HomeNewsIllegal Fishing in Latin America - Experts Consider Answers to Tough Questions at Event

In poor coastal villages in Latin America and the Caribbean, fishers are entering the drug trade. The harvesting of sharks as bycatch in Ecuador and Costa Rica, countries known for conservation, is devastating threatened populations. And vessels in China’s distant-water fleet are turning off their transponders to plunder South America’s waters.

Experts at a panel discussion hosted by InSight Crime and the Center for Latin American & Latino Studies (CLALS) at American University made clear that the consequences of illegal, unreported, and unregulated (IUU) fishing are immediate and enormous across the region. IUU fishing damages livelihoods and marine ecosystems while facilitating other crimes, such as labor abuse and drug trafficking.

But all is not lost, said the experts, who presented ways to go after the perpetrators, increase enforcement capacity, and rein in bad actors. Initiatives for fishers who can no longer make a living at sea are also needed.

SEE ALSO: Plundered Oceans: IUU Fishing in South American Seas

"The impact goes beyond the fishing industry," said Matthew Taylor, a professor of international studies at American University who collaborated with InSight Crime on a recently published working paper on IUU fishing in Latin America and the Caribbean.

Philippe Le Billon, a professor at the University of British Columbia, began the conference by highlighting a study he conducted on the connections between drug smuggling and fishing.  

While acknowledging that data were limited, Le Billon explained that his study analyzed 292 known cases of vessels engaged in drug trafficking between 2010 and 2017. The findings, he said, show that “more and more small-scale fishermen are getting forced into” drug smuggling.

Paradoxically, small-scale fishers are susceptible to exploitation by drug traffickers because of the effects of IUU fishing practices, such as declining fish stocks and access to fishing grounds. The flow of drug money into local fisheries also can lead to "fishing overcapacity," Le Billon said.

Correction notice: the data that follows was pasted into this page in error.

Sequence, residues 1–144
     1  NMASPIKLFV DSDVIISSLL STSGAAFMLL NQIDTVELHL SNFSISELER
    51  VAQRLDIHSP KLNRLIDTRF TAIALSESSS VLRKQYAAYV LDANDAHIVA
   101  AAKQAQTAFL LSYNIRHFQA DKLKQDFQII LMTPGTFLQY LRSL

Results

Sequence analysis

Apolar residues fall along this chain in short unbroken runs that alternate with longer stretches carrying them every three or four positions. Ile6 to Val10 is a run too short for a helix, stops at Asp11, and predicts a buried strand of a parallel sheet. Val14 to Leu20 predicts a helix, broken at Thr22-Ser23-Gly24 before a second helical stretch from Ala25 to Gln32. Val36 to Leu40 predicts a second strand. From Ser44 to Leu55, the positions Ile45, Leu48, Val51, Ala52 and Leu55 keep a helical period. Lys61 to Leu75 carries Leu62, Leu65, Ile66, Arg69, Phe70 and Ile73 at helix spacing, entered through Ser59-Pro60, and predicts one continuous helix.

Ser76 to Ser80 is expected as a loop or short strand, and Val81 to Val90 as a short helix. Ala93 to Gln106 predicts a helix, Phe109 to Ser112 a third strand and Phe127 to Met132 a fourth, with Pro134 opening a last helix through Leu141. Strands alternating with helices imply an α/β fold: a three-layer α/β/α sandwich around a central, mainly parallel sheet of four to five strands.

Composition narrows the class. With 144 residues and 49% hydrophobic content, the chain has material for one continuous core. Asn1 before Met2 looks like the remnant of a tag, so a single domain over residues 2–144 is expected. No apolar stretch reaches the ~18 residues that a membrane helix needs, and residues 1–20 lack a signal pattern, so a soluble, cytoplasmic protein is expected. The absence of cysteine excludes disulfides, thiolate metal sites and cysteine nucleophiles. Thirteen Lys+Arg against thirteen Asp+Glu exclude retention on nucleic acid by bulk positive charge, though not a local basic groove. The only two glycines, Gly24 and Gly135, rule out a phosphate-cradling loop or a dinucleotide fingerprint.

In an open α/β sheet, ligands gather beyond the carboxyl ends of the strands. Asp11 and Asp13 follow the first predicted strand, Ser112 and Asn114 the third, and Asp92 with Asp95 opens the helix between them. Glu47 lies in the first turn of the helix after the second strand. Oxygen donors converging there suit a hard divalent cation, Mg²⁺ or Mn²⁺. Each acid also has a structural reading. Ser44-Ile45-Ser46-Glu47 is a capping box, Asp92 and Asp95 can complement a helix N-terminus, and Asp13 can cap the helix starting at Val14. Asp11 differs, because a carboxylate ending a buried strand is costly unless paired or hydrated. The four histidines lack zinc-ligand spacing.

Peter A. Murray, an advisor at the Caribbean Regional Fisheries Mechanism (CRFM) Secretariat, a 17-nation organization that facilitates sustainable fishing in the region’s waters, agreed that fishing has increasingly become a vehicle for drug-related money laundering. One of the problems, Murray said, is that IUU fishing is often “treated as a regulatory issue and not as transnational organized crime.”

Three countries that are part of CRFM were featured in a recent investigation by InSight Crime and CLALS titled “Plundered Oceans: IUU Fishing in Central American and Caribbean Waters.” Reports in that investigation showed how Jamaica’s waters are being poached of lucrative marine life; how Guyana’s law enforcement capabilities extend to just a fraction of its waters; and how Suriname’s black trade in fishing licenses has created a raft of duplicate boats.

Murray acknowledged that the countries in the CRFM are in desperate need of financial assistance and capacity development to combat IUU fishing. But he pointed out that their efforts often go unnoticed. Despite limitations, he said, “our [member] states are working toward a range of remedies.”

Jorge Arturo Jiménez, the general director of the MarViva Foundation, an oceans conservation organization based in Costa Rica, highlighted the devastation wrought by illegal fishing gear, such as purse seine nets that produce massive bycatch, and illegal fishing practices, such as the use of explosives. Closed seasons are not respected, while overfishing creates a downward spiral that leads not only to depleted stocks but also to fishers struggling to earn a living, he said.

Making matters more difficult, he said, is the sheer lack of data.

"You don’t know how many people are fishing," Jiménez said, "and you don’t know what is being fished."